Why Yom Kippur is on the 10th? This date does not make sense! If you search through the Written Torah, you will see that nothing happened on this date. Wouldn't it make sense to have Yom Kippur on the 8th? All sin atonement and sin offerings take place on the 8th or on the 8th from some event. There is absolutely no connection to number 10.

For example, offering on Yom Kippur in Numbers 29:8 is the same as the offering of the 8th day of Sukkot in Numbers 29:36. I think this is the best textual argument for the 8th being the correct date of Yom Kippur.

Even the Moon is in phase on the 8th. On the 10th the Moon is between phases and therefore meaningless.

Any thoughts?

  • 2
    Well Moshe was up on the mountain for 120 days from the beginning of the third month, so it's quite reasonable he came down on the 10th of the 7th month.
    – Double AA
    Commented Feb 21, 2017 at 21:38
  • 2
    Note Pesach on 15 of 1st month is preceded by a command to take lambs five days earlier on 10 of 1st month (see exodus 12). so too for the holidays of the 7th month do we find an event on 10 and then again on 15.
    – Double AA
    Commented Feb 21, 2017 at 21:41
  • I think your premise is not completely correct. Succot is not in remembrance of any specific event that occurred on a specific day.
    – DanF
    Commented Feb 21, 2017 at 22:00
  • 3
    I don't understand your question. Lev 16:29 explicitly says that it is on that date. Are you asking "Why God chose that date"?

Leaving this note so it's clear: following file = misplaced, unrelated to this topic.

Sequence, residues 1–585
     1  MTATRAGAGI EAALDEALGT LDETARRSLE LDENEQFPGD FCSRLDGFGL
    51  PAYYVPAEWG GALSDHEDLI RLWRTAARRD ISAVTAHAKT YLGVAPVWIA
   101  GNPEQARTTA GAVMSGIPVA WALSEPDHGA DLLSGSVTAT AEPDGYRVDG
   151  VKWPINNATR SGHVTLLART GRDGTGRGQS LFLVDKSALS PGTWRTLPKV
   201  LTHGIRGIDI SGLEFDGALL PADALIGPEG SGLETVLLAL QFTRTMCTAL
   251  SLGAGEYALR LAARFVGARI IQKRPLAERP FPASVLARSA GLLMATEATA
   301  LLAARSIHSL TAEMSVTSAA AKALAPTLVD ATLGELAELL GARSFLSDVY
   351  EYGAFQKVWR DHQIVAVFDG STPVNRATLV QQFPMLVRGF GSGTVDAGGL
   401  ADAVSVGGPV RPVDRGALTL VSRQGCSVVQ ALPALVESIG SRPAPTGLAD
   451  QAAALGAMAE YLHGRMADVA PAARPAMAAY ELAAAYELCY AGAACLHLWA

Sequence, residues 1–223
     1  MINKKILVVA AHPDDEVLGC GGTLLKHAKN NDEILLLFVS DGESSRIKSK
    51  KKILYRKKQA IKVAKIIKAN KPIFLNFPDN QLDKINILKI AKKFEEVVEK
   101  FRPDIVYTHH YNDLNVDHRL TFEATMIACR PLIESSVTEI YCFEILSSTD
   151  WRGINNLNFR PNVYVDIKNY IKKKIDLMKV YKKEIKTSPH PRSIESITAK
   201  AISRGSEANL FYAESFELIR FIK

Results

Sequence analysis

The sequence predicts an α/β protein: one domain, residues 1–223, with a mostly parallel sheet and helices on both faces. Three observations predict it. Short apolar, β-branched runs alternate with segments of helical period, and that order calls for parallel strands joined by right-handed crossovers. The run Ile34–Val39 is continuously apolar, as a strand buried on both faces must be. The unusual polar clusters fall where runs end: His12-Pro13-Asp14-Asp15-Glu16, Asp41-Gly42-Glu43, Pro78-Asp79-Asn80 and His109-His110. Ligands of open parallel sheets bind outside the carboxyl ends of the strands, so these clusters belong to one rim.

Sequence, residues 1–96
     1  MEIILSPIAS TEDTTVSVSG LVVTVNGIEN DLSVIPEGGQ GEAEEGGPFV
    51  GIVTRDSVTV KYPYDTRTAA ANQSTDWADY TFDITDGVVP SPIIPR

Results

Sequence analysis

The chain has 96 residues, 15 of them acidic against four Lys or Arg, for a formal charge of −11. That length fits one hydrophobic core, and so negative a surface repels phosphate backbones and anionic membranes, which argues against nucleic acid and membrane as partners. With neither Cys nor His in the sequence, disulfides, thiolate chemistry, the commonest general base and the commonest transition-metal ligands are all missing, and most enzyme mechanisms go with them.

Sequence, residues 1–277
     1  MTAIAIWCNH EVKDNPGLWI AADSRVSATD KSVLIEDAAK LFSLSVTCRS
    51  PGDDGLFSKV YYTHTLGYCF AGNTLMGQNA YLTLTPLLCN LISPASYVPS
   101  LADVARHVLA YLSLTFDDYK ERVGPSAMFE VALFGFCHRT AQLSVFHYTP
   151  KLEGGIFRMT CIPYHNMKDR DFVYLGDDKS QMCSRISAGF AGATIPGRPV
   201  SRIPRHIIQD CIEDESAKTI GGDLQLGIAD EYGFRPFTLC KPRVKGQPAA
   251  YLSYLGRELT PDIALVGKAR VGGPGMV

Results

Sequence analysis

– rosends
    Commented Feb 21, 2017 at 22:46
  • 1
    @danno Why the tenth when the eight seems to make more sense is a totally fine question to ask
    – Double AA
    Commented Feb 22, 2017 at 12:39

1 Answer 1


If you search through the Written Torah, you will see that nothing happened on this date.

Well, the written Torah explicitly mandates Yom Kippur being on the 10th day of the month (Leviticus 16:29, Numbers 29:7), so I'm not sure what stronger a written source one could possibly need. After all, what makes you think that Yom Kippur is supposed to be in commemoration of an event? Shavuot is on the 6th day of the month, and that's not a big deal either until you consider that it's calculated as the fiftieth day from Pesach. Well, Yom Kippur is the tenth day from Rosh Hashanah.

  • may be that nothing happened ... what with the 2th luchot?
    – kouty
    Commented Feb 22, 2017 at 8:03
  • Great answer, just what I was thinking. +1 I wonder why this answer hasn't been accepted by the OP?
    – ezra
    Commented Sep 27, 2017 at 14:46

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